According to three people with direct knowledge of the matter, this is how a typical questionable model would work:

A bank or an NBFC would find a real estate or infrastructure exposure they are nervous about. It is likely that if the borrower continues to remain on the book, there would be higher provisions and ballooning bad loans.

So, instead of recognising a stressed account, the lender would go to a friendly fund manager. The fund manager (for a hefty fee) would create a fund which could take the problematic borrower off the lender's book.

The lender would participate by becoming a junior or subordinate class investor by putting up about 5-25% (sometimes even more) of the investment pool. The senior class consisted of your above-average-Joe who had at least Rs 1 crore to invest in higher yielding investments.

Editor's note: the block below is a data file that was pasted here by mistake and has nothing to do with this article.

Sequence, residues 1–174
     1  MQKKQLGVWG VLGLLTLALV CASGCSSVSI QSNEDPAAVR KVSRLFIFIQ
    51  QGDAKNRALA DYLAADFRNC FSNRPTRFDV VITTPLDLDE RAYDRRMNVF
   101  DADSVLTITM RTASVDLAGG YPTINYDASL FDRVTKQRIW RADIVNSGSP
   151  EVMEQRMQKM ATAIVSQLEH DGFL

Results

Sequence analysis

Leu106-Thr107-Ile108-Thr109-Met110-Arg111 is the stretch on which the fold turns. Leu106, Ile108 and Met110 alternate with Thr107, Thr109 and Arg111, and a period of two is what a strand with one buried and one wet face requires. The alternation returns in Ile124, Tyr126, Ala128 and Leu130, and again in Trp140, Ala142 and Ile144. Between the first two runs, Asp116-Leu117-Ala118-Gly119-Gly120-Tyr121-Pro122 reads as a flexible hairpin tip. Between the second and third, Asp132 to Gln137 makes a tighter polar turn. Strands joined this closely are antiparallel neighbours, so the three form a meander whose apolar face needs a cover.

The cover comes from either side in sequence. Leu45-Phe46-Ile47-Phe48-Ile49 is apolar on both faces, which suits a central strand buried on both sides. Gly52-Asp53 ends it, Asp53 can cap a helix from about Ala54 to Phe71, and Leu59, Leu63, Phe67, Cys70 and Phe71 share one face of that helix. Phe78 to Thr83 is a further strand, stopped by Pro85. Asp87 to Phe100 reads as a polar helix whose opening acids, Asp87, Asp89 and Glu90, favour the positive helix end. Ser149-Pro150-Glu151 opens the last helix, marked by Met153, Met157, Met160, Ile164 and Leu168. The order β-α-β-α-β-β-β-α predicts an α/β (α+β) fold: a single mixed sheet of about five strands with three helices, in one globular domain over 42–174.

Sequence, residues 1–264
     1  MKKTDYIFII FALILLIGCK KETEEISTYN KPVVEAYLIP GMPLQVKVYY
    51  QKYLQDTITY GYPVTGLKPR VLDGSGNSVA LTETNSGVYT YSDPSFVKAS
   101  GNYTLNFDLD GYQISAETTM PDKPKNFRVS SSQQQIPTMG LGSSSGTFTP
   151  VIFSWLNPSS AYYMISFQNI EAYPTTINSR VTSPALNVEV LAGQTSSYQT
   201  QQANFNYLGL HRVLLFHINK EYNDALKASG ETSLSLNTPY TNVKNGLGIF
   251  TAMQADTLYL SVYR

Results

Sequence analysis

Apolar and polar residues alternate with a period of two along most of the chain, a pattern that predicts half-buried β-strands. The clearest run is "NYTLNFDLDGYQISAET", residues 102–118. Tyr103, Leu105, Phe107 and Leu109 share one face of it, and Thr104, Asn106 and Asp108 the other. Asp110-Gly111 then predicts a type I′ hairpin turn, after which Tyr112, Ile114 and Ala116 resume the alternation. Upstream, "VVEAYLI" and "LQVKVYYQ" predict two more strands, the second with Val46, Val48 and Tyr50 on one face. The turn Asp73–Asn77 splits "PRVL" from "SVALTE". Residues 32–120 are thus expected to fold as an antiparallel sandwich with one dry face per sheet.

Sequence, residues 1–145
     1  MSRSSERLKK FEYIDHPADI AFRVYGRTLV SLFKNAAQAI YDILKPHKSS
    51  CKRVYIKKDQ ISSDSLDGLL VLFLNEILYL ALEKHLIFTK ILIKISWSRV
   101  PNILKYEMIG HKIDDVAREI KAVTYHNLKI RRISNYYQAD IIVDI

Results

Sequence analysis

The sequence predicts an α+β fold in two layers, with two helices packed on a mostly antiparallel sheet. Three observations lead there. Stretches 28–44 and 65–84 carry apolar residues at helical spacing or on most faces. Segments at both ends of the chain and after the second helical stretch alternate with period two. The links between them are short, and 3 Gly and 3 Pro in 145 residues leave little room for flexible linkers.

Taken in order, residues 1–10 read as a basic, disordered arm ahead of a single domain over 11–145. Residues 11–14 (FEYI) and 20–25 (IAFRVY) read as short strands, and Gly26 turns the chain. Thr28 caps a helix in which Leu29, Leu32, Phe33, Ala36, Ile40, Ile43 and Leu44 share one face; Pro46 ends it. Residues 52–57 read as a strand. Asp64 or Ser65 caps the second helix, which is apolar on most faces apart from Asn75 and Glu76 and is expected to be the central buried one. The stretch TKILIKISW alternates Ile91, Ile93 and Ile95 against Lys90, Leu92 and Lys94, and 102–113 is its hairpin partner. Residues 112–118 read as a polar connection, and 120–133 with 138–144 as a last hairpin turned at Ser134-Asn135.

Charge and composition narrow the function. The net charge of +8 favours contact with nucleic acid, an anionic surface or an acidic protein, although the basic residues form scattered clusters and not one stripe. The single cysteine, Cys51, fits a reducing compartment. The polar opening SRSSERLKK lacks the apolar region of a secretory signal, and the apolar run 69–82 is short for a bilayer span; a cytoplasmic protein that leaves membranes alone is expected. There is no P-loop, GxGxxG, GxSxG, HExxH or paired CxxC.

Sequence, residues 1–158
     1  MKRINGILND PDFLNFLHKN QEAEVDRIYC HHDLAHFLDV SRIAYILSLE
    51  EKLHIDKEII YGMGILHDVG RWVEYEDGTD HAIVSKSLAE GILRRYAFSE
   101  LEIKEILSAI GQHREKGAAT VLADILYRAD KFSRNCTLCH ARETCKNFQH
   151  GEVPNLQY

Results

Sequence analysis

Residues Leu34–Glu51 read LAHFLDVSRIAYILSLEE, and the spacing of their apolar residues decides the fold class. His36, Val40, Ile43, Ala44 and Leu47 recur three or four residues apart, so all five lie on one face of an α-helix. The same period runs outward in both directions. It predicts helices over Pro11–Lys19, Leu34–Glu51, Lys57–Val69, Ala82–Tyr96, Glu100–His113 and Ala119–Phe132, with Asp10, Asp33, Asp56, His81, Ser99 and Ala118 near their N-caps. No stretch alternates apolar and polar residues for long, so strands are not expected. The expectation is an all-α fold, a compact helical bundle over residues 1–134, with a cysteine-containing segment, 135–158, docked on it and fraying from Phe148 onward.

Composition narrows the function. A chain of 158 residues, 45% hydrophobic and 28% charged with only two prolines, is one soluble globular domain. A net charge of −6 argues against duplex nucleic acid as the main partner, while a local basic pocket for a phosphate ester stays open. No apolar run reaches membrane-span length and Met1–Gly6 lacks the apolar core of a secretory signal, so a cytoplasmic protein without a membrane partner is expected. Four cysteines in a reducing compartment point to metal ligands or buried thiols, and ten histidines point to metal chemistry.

In these senior-subordinate structures, the lenders would willingly agree to take on higher losses for a higher return ratio. For the senior investor, it meant priority payouts while the underlying asset was still performing.

The borrower would get some investments from the fund, which would be specifically used to repay its outstanding debt to its original lender. So, essentially the lender was (at least partly) paying itself to avoid an NPA--popularly known as evergreening.

Deepak Shenoy of Capital Mind has an excellent explainer on this process too.

Some other questionable models may include AIF investments in other group companies, which could be routed to the problematic borrower.

One large non-bank, while selling its stressed real estate portfolio to another large investor, even built in specific clauses to continue funding some of these projects. The clause also specified that once the projects started earning returns beyond a threshold, the non-bank would be eligible for a portion, according to a legal expert with first-hand experience of such transactions.